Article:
Thursday, 13 November 2014

Is Egypt providing aircraft and helicopters to the Libyan Air Force?



Much has been said on Egypt's involvement in the ongoing conflict between the Libyan National Army and several Islamist factions, and anything from small arms deliveries to airstrikes on weapon depots is mentioned. The extent of Egypt's assistance to Libya is now finally revealed by a series of photos showing aircraft formerly operated by the Egyptian Air Force now in Libyan Air Force service.

Fear of the Libyan Islamist uprising blowing over to Egypt has already led to great concern within the Egyptian government. Supplying heavy weaponry to Libya's outgunned military, almost all of which loyal to General Khalifa Haftar, increases the chances of the uprising being defeated, something of great importance for the Egyptian government of Abdel Fattah el-Sisi.

The Libyan Air Force was practically annihilated by the NATO-led airstrikes during the Libyan Civil War. The airstrikes saw all of Libya's Su-22s and Su-24s destroyed, leaving only a few outdated Mirage F1s, L-39s, MiG-21s and MiG-23s in service, most in desperate need of an overhaul.

While the Libyan Air Force was subsequently reinforced by two Mi-35 attack helicopters from Sudan, one crashed, leaving only one in service. Further losses resulted in only a couple of MiG-21s, MiG-23s and a few helicopters remaining operational, not enough to provide sufficient air cover the Libyan National Army.

It now appears the Libyan Air Force was aided by Egypt to regain some of the lost firepower. Six former EAF mounts, consisting of three MiG-21MFs and three Mi-8s, were recently spotted in use with the Libyan Air Force.




The three MiG-21MFs, serialed 18, 26 and 27, were first spotted in early November. As Libya previously only operated the MiG-21bis, and all came with a camouflage pattern not yet seen on any Libyan aircraft, both aircraft had to come from abroad.

The camouflage pattern is exactly the same as seen on most of Egypt's MiG-21s (as seen in the photo below), leaving little to no doubt on the origin of the three MiG-21s.





Egypt operates a large fleet of MiG-21s, all slated to be decommissioned in the coming years. Selling them for a low price or even donating them to Libya makes perfect sense in light of Egypt's stance on the conflict in Libya.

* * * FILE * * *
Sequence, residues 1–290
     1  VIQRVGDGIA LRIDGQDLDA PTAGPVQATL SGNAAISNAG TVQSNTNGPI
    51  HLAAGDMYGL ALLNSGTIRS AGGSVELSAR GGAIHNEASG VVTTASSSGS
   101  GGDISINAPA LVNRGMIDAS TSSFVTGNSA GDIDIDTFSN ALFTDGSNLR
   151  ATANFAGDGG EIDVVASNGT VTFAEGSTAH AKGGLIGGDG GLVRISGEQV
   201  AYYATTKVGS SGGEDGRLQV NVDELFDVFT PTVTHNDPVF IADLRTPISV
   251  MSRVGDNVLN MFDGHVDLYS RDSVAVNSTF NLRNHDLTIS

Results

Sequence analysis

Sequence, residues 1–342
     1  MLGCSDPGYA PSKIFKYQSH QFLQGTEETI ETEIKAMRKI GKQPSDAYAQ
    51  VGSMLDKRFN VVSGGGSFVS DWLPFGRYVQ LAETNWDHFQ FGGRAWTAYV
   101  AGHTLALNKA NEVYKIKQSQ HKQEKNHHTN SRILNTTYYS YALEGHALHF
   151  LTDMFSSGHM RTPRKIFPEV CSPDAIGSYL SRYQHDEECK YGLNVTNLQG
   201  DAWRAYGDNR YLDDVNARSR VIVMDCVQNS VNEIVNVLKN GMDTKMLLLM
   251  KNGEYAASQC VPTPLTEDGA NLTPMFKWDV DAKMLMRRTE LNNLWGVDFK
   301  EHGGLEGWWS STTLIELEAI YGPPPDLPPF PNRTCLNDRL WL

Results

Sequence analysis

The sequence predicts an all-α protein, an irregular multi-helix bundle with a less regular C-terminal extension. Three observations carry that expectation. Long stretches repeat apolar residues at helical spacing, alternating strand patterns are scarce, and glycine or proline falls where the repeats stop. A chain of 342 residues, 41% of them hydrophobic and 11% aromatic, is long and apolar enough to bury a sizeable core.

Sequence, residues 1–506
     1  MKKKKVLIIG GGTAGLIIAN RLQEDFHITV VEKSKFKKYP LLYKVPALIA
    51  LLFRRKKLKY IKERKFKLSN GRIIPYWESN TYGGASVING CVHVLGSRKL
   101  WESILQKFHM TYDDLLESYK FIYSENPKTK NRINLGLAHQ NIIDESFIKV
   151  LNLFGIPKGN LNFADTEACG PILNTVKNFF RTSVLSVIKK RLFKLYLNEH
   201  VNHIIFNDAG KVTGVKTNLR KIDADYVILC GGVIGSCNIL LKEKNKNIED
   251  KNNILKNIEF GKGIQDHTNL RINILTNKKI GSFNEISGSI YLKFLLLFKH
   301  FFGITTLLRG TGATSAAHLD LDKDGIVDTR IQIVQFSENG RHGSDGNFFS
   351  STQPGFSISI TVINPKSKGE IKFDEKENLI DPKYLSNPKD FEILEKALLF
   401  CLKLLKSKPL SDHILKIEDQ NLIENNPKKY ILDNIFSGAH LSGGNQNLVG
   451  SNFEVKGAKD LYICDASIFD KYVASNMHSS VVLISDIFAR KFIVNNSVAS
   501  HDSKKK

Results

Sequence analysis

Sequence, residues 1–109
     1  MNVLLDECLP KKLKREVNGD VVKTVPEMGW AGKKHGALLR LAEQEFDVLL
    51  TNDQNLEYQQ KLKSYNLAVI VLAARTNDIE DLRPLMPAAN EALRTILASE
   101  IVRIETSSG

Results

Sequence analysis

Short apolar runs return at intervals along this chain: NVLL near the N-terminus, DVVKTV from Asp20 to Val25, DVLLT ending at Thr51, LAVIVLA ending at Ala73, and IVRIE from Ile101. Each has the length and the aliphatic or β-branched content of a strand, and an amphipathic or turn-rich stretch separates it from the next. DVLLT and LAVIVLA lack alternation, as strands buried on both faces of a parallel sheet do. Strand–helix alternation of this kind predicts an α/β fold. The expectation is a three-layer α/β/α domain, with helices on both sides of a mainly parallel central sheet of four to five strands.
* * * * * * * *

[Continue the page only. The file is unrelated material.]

The other former Egyptian Air Force mount now operated by Libya is the Mi-8. While Libya previously operated dozens of Mi-8/17s, it never acquired any examples that could be armed. A photo taken on the 27th of October 2014 shows a Mi-8 with UB-16 rocket pods while sporting the exact same colour as seen on Egypt's Mi-8s.


The similarity in appearance to Mi-8s currently operated by Egypt is illustrated by the image below.


As Libya never operated any armed Mi-8s, the helicopter came in the the same colour as seen on Egyptian Mi-8s and the Mi-8 belongs to an older batch, nowadays rarely sold for export, it is safe to say this helicopter was also supplied to Libya by Egypt.

The only notable differences in the two photos are the lack of a winch and the removal of the armour plating on each side of the cockpit; the empty spot now showing رعد - Raa'd, meaning Thunder.


As the Libyan Air Force has operated MiG-21s and Mi-8/17s for decades, plenty of pilots and technicians can be found to keep them operational. The move is certainly a smart investment by Egypt to ensure its own security.

It is yet to be seen if Egypt continues delivering heavy weaponry to Libya. If so, it might help the Libyan military to get the edge over the Islamist factions.

Special thanks to ACIG.

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3 comments:

  1. Another main point not mentioned is that Libya never operated MiG-21MF, only bis.
    As such, the two aircraft had to come from abroad.

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  2. Great work as always oryx.

    However, how useful will these Mig-21s be against attacking targets inside cities? All Mig-21s have for ground attack are their cannons, rocket pods, and unguided bombs.

    ReplyDelete
    Replies
    1. Thanks.

      Fairly useful, especially when armed with bombs. As Libya doesn't own any platforms capable of delivering guided weaponry, they'll have to do with what they got.

      Delete